Impacted communities

The coal power stations and mines Bank of China is funding are harming communities and climate around the world, including in Australia, US, Indonesia and South Africa, sullying BoC’s reputation globally.
These are some of the communities impacted by Bank of China-funded projects.

Jawa 9 and 10 coal power plant in Indonesia

Jawa 9 and 10 is a 2,000MW coal power plant project in Indonesia, which will be built in the Suralaya area, Banten province. Currently, the Suralaya area is home to the most polluting industrial complex in all of Southeast Asia. Suralaya residents have suffered horrible air pollution due to fly ash from coal power plants, and reports have highlighted the air pollution and associated respiratory and skin diseases affecting the local population. Based on health official data, in 2019, 49,000 residents suffered acute respiratory infections around the Suralaya area.

Research shows that, if built, the emissions from Jawa 9 and 10 will cause 4,700 premature deaths over the estimated 30 year lifespan of the coal power plants. In addition to the horrific health impacts, local fishermen worry that the increased air and water pollution from another coal power plant will threaten their livelihoods

The additional harm and pollution caused by Jawa 9 and 10 would be especially egregious given that much of the electricity it produces may not be used. Indonesia’s electricity demand in 2020 is expected to fall by 6.25% compared to the previous year, and the Jawa-Bali grid, where Jawa 9 and 10 is located, is projected to be oversupplied by up to 41.5% in 2020

In July 2020, Bank of China was part of a syndication of banks that agreed on a US$2.6 billion, 15.25-year loan to build the polluting Jawa 9 and 10 project.

Indramayu coal power plant in Indonesia

In 2008, Bank of China was involved in a US$730 million syndication loan to finance the 3 x 330 MW Indramayu coal power plant in Indonesia. It began construction in 2007 and has operated since 2011. 

Since the Indramayu coal power plant began operating, it has caused negative impacts on farmland, endangered children’s health, and polluted fishing grounds that villagers depend upon for their livelihoods. Based on the 2010 – 2016 Environmental Management Plan and Monitoring Plan report, there were at least five types of heavy metals and one chemical compound detected that exceeded the applicable regulation for seawater quality standards.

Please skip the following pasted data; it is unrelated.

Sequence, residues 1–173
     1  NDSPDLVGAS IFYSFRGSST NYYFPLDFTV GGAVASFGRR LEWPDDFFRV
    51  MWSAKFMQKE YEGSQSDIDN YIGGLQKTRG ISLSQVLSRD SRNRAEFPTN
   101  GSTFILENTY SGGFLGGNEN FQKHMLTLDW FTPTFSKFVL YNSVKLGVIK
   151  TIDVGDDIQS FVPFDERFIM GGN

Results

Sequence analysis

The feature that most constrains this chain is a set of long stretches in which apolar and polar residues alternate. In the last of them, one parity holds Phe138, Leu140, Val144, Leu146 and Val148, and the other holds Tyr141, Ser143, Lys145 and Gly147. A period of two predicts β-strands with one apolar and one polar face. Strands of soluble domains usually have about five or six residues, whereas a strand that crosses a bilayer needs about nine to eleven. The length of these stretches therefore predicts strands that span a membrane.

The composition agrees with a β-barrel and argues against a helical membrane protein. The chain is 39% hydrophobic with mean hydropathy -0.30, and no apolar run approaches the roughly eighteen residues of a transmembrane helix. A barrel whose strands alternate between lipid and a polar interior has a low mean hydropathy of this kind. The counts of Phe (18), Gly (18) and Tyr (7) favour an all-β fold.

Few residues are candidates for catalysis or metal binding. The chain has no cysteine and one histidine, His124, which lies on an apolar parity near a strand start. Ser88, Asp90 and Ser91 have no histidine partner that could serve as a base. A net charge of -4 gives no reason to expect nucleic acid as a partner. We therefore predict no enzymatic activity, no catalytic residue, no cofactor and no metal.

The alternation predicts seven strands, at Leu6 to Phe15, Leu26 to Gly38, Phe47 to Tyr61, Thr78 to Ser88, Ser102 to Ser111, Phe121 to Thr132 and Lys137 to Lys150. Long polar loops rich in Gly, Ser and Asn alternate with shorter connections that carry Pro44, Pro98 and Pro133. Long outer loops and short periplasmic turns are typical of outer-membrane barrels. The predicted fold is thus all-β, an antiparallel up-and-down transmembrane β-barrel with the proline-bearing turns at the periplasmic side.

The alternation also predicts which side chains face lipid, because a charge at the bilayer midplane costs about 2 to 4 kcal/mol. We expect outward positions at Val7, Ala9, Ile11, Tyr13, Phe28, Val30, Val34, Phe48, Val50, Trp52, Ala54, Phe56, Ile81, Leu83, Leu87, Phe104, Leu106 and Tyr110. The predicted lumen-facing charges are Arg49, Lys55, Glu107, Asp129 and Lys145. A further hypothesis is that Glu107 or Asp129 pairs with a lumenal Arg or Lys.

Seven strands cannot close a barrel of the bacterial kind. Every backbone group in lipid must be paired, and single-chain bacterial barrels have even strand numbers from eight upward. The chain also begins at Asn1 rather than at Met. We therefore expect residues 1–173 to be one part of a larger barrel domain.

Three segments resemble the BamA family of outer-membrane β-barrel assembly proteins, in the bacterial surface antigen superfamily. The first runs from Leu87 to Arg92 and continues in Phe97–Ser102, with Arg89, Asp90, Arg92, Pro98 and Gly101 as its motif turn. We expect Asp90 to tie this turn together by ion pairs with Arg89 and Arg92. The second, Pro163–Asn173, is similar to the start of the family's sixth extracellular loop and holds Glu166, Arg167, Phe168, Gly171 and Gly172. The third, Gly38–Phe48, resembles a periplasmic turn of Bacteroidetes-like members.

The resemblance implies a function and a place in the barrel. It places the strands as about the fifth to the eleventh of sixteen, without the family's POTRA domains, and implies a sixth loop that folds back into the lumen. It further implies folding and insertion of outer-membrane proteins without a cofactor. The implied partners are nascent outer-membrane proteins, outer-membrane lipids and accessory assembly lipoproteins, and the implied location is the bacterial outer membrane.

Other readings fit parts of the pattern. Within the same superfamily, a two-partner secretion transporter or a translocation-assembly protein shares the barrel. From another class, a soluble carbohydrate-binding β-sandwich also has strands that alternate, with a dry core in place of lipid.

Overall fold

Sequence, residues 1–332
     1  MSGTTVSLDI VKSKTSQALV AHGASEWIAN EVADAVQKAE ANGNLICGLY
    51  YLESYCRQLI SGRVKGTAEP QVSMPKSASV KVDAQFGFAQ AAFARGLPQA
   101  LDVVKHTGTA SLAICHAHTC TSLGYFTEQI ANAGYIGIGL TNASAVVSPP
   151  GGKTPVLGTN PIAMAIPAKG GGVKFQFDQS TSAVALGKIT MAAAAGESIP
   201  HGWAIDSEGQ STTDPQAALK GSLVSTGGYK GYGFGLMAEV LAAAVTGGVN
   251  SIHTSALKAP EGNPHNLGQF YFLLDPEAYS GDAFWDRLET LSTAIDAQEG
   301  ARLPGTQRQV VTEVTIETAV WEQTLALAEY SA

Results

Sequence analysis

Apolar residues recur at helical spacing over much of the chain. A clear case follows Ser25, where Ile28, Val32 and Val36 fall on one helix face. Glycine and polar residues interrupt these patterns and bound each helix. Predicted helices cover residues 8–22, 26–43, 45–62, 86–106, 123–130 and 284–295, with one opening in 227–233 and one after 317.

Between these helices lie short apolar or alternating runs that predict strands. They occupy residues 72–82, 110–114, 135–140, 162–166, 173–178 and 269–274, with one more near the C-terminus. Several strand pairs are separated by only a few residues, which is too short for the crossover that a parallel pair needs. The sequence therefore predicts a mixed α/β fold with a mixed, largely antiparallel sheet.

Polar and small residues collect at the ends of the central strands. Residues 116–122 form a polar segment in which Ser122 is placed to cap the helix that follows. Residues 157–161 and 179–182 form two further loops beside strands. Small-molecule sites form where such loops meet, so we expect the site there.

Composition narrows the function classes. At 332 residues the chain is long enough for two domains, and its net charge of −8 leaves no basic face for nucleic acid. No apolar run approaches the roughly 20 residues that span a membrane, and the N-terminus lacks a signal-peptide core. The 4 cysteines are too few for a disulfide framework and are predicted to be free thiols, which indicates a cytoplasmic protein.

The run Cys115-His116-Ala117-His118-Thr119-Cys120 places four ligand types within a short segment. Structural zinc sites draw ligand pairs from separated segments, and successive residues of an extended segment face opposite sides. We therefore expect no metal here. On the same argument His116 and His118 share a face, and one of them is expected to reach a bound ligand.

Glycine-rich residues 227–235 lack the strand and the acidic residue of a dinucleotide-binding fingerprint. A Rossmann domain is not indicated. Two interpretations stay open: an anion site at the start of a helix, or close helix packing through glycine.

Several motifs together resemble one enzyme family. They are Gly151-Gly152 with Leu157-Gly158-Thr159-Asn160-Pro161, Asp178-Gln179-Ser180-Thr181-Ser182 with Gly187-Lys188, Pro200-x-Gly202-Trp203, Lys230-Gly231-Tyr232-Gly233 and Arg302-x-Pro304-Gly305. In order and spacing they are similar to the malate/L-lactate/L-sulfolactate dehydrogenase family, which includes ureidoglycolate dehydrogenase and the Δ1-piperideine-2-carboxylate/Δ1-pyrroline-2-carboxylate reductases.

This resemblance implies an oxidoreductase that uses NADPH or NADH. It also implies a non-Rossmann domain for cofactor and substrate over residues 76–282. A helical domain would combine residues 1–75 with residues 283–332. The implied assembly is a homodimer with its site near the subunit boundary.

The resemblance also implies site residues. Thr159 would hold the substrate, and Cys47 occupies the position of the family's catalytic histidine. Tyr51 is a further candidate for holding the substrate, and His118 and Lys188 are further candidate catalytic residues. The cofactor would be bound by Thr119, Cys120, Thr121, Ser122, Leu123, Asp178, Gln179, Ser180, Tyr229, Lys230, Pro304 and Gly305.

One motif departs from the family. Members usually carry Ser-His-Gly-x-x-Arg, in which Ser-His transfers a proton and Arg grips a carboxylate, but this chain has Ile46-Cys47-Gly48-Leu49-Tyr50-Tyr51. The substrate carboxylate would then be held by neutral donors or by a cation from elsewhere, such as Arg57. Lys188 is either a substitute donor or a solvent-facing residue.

Moreover, in May 2016, a former Indramayu regency government official was found guilty and sentenced to four years in prison for his involvement in a corruption case regarding the land acquisition process for the Indramayu plant in 2004.

EMBA Hunutlu coal power plant project in Turkey

Bank of China is involved in the proposed 1,320 MW EMBA Hunutlu coal power plant project, set to be built in Iskenderun Bay in Adana’s Yumurtalik district, Turkey. Iskanderun Bay has already been surrounded by intense pollution from coal power plants and many industrial facilities in the area. Once operational, projections show EMBA Hunutlu would cause 2,000 deaths during its operating life of 40 years. 

The establishment of the EMBA Hunutlu coal power plant also threatens the existence of loggerhead sea turtles and green sea turtles. Sugozu beach, where EMBA Hunutlu is located, is among the major nesting sites of the loggerhead sea turtles and green sea turtles which are protected by three different international conventions